I had the idea, after buying a Nikon D810, that all the work would slowly get aimed over to the big Nikon and I'd stop picking and choosing gear before each outing but in the short run it doesn't seem to be working out that way. The main benefit of the D810 is the resolution and beautiful dynamic range of the full frame sensor but when I'm shooting portraits I love to shoot and shoot until I get just the right expression and composition. If I shoot with the D810 as it is meant to be shot I go home with enormous amounts of data for images that will eventually find their highest and best use as content on websites or as quarter page magazine fodder. Don't get me wrong, we have those assignments where having the biggest file available is a decided advantage but....in the meantime I find myself generally grabbing a D610 for portrait work and even then I find myself wishing it had the half and quarter sized raw file choices that Kodak so brilliantly put into their DSLR/n cameras.
We could shoot most of our portraits as six megapixel files with no problems at all but I don't want to give up the flexible post fix-it-up potential of the raw files.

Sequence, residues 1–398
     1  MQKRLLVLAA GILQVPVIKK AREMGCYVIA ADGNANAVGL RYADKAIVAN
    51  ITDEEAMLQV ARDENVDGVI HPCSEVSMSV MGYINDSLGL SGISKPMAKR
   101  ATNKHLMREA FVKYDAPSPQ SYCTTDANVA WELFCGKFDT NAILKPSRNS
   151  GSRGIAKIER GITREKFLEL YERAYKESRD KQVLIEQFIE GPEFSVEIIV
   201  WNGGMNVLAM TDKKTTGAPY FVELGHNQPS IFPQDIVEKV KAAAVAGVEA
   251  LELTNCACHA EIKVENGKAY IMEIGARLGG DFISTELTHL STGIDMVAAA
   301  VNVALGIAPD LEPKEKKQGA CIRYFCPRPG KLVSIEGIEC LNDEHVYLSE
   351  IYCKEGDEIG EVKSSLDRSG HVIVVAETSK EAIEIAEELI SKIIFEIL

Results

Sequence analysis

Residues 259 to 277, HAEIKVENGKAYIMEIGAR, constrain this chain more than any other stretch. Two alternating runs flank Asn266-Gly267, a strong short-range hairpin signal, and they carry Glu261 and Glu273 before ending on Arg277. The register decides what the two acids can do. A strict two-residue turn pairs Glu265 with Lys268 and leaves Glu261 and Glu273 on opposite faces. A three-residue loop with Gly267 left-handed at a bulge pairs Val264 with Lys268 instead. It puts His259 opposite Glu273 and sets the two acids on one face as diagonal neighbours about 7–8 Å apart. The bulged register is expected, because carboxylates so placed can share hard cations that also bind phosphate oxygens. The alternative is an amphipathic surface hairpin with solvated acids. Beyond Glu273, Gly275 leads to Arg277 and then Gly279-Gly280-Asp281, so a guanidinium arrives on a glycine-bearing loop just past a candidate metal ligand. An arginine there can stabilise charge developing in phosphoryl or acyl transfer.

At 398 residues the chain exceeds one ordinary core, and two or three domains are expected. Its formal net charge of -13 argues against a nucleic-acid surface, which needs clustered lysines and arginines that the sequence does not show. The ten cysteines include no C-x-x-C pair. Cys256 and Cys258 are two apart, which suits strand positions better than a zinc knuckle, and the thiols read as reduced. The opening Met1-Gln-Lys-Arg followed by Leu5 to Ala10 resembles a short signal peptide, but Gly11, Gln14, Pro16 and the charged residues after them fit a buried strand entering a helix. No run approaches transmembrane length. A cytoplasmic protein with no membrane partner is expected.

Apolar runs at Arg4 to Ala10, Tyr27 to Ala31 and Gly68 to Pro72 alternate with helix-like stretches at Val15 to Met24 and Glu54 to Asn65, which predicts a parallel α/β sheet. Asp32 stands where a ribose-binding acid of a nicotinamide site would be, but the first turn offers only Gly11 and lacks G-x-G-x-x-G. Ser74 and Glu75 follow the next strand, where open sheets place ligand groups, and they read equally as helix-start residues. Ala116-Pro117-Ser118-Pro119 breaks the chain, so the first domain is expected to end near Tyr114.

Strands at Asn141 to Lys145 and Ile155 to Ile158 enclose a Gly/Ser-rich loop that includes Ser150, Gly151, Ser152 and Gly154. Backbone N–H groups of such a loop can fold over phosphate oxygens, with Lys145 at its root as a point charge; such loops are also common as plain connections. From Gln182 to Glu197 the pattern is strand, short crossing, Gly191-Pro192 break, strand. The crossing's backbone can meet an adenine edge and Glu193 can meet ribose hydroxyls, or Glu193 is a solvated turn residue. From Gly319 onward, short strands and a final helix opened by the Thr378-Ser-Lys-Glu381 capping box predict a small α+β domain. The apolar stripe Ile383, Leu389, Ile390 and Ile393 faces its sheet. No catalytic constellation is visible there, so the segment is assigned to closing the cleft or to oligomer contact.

On one recent job I just got fed up with the file sizes on the D810 and started shooting medium sized Jpegs. And you know what? They worked pretty well.

Then I thought I'd be happy using the D810 for video work but even there one has to make a few compromises. I'm happy using the camera for most video projects. The files are nice and the controls are simple and straight forward. BUT.... just this morning one of my clients called me all excited to let me know that we got permission to film a complete interview with an celebrated politician. There's not time limit to the interview, it could go to an hour. But here's the nasty deal, the high res file setting on the Nikon D810 will only give me twenty minutes of shooting before I have to stop and then re-start. Back to the GH4 for long form motion stuff.